Current dyslexia cases can only be diagnosed as a child is learning to read or moving on to advanced reading material, and he or she struggles. More than likely, the child has already been frustrated and fallen slightly behind in school. Researchers at MIT may have found a way to catch it earlier, and prepare the child with extra care and lessons.

The researchers found that size of arcuate fasciculus is connected to reading skills in kindergartners.

The arcuate fasciculus connects the Broca’s area (speed production) with Wenicke’s area (understanding written/spoken language), and a small arcuate fasciculus usually translates to poor pre-reading skills.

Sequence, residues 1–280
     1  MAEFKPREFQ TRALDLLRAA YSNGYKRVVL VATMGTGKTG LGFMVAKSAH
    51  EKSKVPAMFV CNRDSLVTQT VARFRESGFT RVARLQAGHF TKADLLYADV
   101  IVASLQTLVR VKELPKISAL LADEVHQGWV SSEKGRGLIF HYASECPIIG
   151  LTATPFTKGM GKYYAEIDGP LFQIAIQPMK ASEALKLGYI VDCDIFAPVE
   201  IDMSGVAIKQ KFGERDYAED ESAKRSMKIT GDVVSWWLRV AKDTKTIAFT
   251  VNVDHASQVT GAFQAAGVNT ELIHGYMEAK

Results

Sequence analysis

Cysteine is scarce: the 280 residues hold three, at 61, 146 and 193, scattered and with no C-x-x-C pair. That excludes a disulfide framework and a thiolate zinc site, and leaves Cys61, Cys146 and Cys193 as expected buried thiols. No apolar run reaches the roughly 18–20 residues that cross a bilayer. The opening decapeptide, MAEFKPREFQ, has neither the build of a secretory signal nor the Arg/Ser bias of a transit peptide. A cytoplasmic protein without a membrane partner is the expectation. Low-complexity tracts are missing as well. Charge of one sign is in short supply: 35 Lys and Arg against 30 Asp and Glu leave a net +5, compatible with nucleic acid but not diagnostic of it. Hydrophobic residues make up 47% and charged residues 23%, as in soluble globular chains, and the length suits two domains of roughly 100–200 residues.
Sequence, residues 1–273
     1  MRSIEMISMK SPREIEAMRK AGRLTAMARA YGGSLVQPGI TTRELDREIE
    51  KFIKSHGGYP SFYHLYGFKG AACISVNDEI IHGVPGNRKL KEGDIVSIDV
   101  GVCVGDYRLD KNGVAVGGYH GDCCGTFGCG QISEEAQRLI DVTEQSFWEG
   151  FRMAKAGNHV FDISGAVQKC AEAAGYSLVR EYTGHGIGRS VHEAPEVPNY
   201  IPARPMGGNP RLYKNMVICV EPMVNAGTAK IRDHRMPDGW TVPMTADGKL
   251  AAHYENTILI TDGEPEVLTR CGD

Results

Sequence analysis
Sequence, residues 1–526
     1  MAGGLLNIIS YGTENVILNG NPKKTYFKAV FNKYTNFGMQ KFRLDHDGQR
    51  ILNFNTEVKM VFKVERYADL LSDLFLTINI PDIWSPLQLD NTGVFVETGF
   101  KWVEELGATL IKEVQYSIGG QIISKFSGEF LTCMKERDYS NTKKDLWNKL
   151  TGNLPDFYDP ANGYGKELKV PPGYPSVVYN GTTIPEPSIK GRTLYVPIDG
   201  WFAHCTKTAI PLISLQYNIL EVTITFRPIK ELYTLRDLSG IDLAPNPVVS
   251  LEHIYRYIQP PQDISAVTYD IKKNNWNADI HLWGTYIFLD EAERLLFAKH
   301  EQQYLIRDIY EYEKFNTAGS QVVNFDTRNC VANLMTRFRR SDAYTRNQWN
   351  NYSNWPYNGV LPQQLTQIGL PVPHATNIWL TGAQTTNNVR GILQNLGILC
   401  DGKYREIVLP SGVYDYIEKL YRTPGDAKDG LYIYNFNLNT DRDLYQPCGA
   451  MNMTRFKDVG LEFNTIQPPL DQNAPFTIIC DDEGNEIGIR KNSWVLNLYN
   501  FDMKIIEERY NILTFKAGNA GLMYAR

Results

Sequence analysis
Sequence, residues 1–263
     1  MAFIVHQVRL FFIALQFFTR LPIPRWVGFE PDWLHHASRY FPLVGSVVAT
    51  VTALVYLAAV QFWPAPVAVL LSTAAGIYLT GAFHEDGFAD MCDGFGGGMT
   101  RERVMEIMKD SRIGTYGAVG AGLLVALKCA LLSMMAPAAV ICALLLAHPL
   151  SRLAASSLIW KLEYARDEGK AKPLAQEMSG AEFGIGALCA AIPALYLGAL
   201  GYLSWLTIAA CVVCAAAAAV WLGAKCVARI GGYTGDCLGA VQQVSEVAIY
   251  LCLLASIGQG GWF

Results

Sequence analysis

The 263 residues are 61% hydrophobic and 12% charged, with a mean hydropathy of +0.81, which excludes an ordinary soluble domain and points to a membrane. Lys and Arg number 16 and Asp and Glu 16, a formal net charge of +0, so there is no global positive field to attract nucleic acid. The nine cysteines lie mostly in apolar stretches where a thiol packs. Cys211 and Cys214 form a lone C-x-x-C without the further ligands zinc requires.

However, it’s still unclear whether the smaller size causes difficulties or little reading experience actually causes the underdevelopment. This should be the foundation for future research.

The MRI used a diffusion-weighted imaging technique on 40 children in Massachusetts. They found that the size was connected to their ability to “identify and employ the varying sounds of language,” which is the first step in reading.

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